Canucks’ Domingue lands on feet in Vancouver ahead of big stretch run

Dan Murphy and Iain MacIntyre breakdown where the Canucks stand following the trade deadline and whether they lost ground in the Pacific division.

MONTREAL – The nearest place Louis Domingue could find Monday to watch trade-deadline coverage was a Binghampton, N.Y., bar, which is good because with the season he has had the goalie probably needed a drink

Once a promising future starter in the National Hockey League, Domingue cleared waivers twice and was traded twice this season before landing gratefully with the Vancouver Canucks, who suddenly needed another goalkeeper when Jacob Markstrom reported to work Monday with an injured knee.

Markstrom is out indefinitely, which left backup Thatcher Demko to start Tuesday night against the Montreal Canadiens and for the foreseeable future.

Domingue, 27, gets another NHL chance as Demko’s backup with the Canucks facing their most critical month of games in nearly five years.

“It’s been a lot of ups and downs,” Domingue said after the Canucks’ optional morning skate Tuesday. “My dad always says I’m like a cat because I have so many lives. I find ways, and I think I’ll do that again here.

“Going into yesterday, I was a little bit worried about what my future was going to hold. Ultimately, if you focus on that you’re not going to have success. I’m ready for the challenge. There’s nothing new to me.”

Yes, Domingue has experienced a lot in the last year.

Traded from the Arizona Coyotes to the Tampa Lightning in 2017, Domingue was Andrei Vasilevskiy’s backup last season on a record-breaking team that crashed out of the opening round of the Stanley Cup playoffs.

But he lost his NHL spot in Tampa last fall and was sent to the American Hockey League before a November trade with the New Jersey Devils. Domingue earned a promotion back to the NHL, but was twice demoted back to the minors.

With an .882 save percentage in 16 games this season with the Devils and winless in his last six starts for New Jersey, Domingue cleared waivers again on Friday and was sent to minor-league Binghampton and told to await a trade.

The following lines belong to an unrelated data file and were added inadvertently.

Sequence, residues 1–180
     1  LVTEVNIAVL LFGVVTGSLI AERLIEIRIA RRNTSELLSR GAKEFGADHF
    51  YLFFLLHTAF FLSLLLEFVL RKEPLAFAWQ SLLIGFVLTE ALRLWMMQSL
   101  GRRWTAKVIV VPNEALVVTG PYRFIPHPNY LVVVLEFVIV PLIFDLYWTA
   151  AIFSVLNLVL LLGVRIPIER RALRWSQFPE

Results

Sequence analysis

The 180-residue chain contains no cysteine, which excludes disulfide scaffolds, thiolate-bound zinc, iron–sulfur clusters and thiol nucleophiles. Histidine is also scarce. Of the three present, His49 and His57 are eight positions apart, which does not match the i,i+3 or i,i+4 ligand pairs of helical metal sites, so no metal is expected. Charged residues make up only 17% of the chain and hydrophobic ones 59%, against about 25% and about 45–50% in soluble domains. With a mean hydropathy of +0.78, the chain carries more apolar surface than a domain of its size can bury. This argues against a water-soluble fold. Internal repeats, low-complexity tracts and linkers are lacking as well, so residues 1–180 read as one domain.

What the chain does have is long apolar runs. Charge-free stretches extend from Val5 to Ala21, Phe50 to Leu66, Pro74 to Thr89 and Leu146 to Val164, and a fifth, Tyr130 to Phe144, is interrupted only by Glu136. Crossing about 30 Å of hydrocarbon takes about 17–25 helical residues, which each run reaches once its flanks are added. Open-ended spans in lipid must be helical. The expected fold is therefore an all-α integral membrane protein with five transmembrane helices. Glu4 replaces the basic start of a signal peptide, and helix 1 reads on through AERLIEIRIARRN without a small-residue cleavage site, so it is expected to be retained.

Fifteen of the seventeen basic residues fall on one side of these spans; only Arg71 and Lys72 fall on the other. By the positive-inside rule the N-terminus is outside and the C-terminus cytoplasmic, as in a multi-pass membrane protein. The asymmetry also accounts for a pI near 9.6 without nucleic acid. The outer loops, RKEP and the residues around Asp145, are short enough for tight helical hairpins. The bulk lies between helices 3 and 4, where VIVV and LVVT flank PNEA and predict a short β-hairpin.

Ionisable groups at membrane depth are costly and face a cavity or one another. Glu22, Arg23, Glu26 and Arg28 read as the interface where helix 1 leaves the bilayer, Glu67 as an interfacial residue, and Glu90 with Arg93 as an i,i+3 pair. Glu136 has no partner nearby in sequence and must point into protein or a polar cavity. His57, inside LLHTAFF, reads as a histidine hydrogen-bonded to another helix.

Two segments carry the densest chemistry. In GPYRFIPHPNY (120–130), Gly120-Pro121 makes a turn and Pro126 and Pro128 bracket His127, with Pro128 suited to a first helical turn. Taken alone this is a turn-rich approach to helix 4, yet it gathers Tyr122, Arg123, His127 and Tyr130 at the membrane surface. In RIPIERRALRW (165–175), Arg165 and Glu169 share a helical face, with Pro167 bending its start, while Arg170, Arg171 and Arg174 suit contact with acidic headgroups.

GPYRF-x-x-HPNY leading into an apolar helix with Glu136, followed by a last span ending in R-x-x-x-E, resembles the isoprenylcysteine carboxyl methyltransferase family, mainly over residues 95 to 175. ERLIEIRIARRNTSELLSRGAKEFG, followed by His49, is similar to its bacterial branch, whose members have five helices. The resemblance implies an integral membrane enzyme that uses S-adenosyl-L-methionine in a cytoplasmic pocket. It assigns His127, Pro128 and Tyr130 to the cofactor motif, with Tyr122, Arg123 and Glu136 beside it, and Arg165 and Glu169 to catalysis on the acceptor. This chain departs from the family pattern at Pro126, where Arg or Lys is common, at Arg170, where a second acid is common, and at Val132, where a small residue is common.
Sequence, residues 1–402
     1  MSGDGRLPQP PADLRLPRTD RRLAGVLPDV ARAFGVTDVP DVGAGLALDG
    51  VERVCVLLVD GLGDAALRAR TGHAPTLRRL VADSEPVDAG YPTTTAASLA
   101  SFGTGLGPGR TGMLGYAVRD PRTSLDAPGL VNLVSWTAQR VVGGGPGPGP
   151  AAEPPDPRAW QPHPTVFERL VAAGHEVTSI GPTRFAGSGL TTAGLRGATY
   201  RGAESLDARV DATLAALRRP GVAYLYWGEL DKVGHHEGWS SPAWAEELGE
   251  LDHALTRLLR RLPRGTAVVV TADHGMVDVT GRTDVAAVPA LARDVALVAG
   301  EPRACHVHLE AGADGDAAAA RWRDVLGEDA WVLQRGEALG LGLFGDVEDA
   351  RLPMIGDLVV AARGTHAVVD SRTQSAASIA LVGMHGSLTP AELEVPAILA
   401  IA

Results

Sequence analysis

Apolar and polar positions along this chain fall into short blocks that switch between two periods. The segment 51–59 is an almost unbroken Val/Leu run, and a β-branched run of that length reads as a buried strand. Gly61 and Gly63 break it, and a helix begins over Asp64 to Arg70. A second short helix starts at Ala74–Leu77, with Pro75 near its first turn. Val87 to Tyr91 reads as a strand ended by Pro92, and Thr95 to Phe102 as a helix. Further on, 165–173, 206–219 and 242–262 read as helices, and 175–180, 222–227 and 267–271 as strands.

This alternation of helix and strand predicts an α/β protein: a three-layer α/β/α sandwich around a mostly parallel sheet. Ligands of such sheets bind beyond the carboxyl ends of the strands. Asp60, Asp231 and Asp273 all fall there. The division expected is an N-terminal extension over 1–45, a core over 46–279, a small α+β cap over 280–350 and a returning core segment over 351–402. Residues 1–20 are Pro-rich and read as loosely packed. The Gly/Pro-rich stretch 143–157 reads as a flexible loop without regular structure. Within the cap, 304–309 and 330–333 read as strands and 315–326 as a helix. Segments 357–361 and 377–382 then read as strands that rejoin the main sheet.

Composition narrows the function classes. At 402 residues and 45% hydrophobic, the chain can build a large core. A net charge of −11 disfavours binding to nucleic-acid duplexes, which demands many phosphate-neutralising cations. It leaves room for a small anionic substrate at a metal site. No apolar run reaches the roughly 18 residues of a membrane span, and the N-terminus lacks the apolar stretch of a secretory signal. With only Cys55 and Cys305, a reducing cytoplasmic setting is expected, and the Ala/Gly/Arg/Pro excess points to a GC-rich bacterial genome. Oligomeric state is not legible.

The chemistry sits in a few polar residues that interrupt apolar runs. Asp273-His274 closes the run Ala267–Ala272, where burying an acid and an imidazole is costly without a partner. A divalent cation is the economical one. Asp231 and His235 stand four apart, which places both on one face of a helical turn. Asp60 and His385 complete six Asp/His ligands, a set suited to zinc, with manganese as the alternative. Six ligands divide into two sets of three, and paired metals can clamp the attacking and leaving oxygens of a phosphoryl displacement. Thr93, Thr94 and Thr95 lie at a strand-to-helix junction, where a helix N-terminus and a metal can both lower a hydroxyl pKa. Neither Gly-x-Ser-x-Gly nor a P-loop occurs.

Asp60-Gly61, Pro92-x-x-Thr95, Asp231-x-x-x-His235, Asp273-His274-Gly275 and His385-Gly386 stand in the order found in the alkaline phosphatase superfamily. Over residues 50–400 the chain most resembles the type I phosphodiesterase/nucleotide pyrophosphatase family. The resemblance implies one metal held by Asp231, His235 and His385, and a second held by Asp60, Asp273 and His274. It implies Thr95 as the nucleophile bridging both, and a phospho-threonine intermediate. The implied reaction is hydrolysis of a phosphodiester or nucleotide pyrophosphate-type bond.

It came Monday when the Canucks traded AHL goalie Zane McIntyre to the Devils, who will save a few dollars without Domingue’s one-way NHL salary of $1.15 million. He is an unrestricted free agent this summer.

Ironically, Domingue will have a chance to save his career — under Canucks goaltending coach Ian Clark — with the organization the netminder had expected to begin it with.

“At the (2010) draft, it was actually the team that showed the most interest,” Domingue said of the Canucks. “I met with them multiple times and I had great conversations. I thought they were going to draft me, to be honest. It comes full circle. It’s kind of great.”

Under former general manager Mike Gillis, the Canucks did not have a pick until the fourth round of the 2010 draft and eventually chose goalie Jonathan Iilahti in the sixth. Domingue went in the fifth round to the Arizona Coyotes, for whom he played 39 games in 2015-16, and 31 the following season.

Domingue looked like a Canuck on Tuesday, wearing his old blue Lightning gear to match Vancouver colours after asking his dad to bring pads to the rink from the goalie’s house in Montreal. He grew up just east of the city in Saint-Hyacinthe.

“He’s a really good goalie,” Canucks winger J.T. Miller, who played in Tampa last season, said of Domingue. “Last year, every time we needed him to play, we typically got a win out of him. He stepped up big for us. I’m excited to have him. I don’t know what’s going on with Marky myself, but he’s definitely a good guy to have come in.”

Markstrom is having his injured knee re-assessed in Vancouver. There are reports he will be out 3-4 weeks. After missing the playoffs the last four seasons, the Canucks are third in the Pacific Division, three points clear of the playoff cut line with 21 games remaining.

“It’s tough because he’s been so good for us all year,” veteran defenceman Chris Tanev said of Markstrom. “Day in and day out, he’s probably been our best player, so obviously it’s tough. I’m not sure how long he’s going to be out for, but … Thatcher has been good for us all year and he’s going to get the chance to play a lot of games. I think he’s ready for the challenge.”

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The Canucks do not make their starting goalie available to the media the morning of game days.

Demko, 24, is 10-6-2 for the Canucks with a .905 save percentage.

“We’ll deal with it as we go, like we have all year,” Canucks coach Travis Green said. “(Domingue) has experience. He’s been in the league a while. He’s at that age where he can handle different situations. He’s played different types of games, so he’s a good addition.”

But Markstrom has been one of the best goalies in the NHL this season.

His injury could become a tipping point for the Canucks.

“I’m not worried about that at all,” Green said. “In the media and the public eye, when you’re sitting on the outside, there’s lots of time to talk, lots of time to analyze it. The guys in the room, they just play. As much as they love Marky, and love how he’s played and know how valuable he is to the group, they still just worry about playing their best hockey. And they’ve also got a lot of faith in Demmer as well.”

The Canucks visit the Ottawa Senators on Thursday before back-to-back games this weekend in Toronto and Columbus, which could give Domingue his first start for Vancouver.


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